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My Life In Bikes

My Life in Bikes

Dave Richardson's story in two parts

After nearly four decades in the motorcycle business, Pacific Northwest moto writer decided to put his memoirs out about owning motorcycles, working at motorcycle shops, and ultimately being a part owner in one of his own.

Richardson is no stranger to the printed word, authoring Guzziology more than two decades ago. That book became the go-to bible for anyone who owned a Moto Guzzi and wanted a detailed manual of not only how to service a multitude of models, but a jam-packed compendium of wisdom gleaned through the years as an owner, enthusiast, and dealership.

In 2018, after a long stint as part owner of Seattle’s Moto International, Richardson made the move to retire. He snuck off about 60 miles north of Seattle to property on the Tulalip Reservation and set out to compile his 34 years of tales. The end result? Not one, but two books.

Book 1: A 50-Year Love of Ducati, Moto Guzzi and Other Motorcycles

The initial book is a play-by-play collection, laid out chronologically that traces his initial interests in motorcycles up to his landing a job at a dealership and then being an owner in a new venture. But it also runs somewhat as a timeline of motorcycle dealerships in the Puget Sound featuring well-known names like Jeri Dragger, Darrell Johnson, the Gregg Family, Keith and Anne Thye, Jim Boltz, and countless others.

But the book reaches out on an international level as well, as Richardson recounts numerous meetings with top brass at Moto Guzzi, Aprilia, and ultimately Piaggio who purchased the two lines in the 2000s.

Richardson shares numerous stories through the timeline - but wait – there’s more.

Book 2: The Rest of the Stories

In the world of motorcycling, it seems like every day one rides, a new story surfaces. And if you spend an evening with multiple riders sharing stories, you are essentially entertaining one another using the storytelling art of ‘bench racing.’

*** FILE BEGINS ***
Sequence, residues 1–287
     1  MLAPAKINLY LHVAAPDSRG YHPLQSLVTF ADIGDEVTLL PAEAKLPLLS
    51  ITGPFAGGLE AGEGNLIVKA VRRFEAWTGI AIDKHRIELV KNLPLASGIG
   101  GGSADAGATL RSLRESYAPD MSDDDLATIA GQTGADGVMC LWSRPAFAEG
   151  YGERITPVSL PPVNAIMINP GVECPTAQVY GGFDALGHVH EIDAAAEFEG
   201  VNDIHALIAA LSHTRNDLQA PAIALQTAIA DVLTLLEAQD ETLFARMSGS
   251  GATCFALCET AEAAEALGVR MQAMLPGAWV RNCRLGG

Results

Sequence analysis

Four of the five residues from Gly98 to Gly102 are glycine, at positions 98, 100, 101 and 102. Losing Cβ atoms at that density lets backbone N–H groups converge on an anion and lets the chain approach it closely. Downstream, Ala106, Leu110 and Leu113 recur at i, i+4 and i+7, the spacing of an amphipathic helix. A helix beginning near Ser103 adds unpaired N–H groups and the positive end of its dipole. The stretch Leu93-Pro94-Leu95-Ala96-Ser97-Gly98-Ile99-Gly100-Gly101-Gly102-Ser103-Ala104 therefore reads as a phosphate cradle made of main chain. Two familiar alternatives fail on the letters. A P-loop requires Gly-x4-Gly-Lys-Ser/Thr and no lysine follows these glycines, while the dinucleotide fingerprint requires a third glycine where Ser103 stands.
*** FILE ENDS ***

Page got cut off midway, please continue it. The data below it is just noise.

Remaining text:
With 35 years of stories, one book isn’t enough to scribe them all, so Richardson split the storytelling between the two books. While the initial book recounts the ones that are important to the timeline, the compendium takes the liberty of jumping around the decades, more appropriately condensing them by subject.

To make a small dealership profitable year after year, certain things need to happen and they are not always what you might expect. Had you ever wondered what it might be like to own a shop and scrimp by during the lean years, Richardson’s tales weave an interesting look into the inner-workings and sometimes dark side of owning a shop.

Following the tech downturn of the early 2000s, Richardson came up with a brilliant way to scoop up inventory from other shops closing and providing great deals for his customers on new units. This didn’t always set well with competitors.

Keeping your nose to the ground as government weaves a tangled web around the motorcycle industry, Richardson shares interesting perspectives about gong with the flow when valid or working against it when warranted.

If you’re thinking about buying one of these books, you’d be leaving open gaps in the whole story by not buying them both.

SR!/August 2020

Both editions of My Life in Bikes are available in print and e-book on

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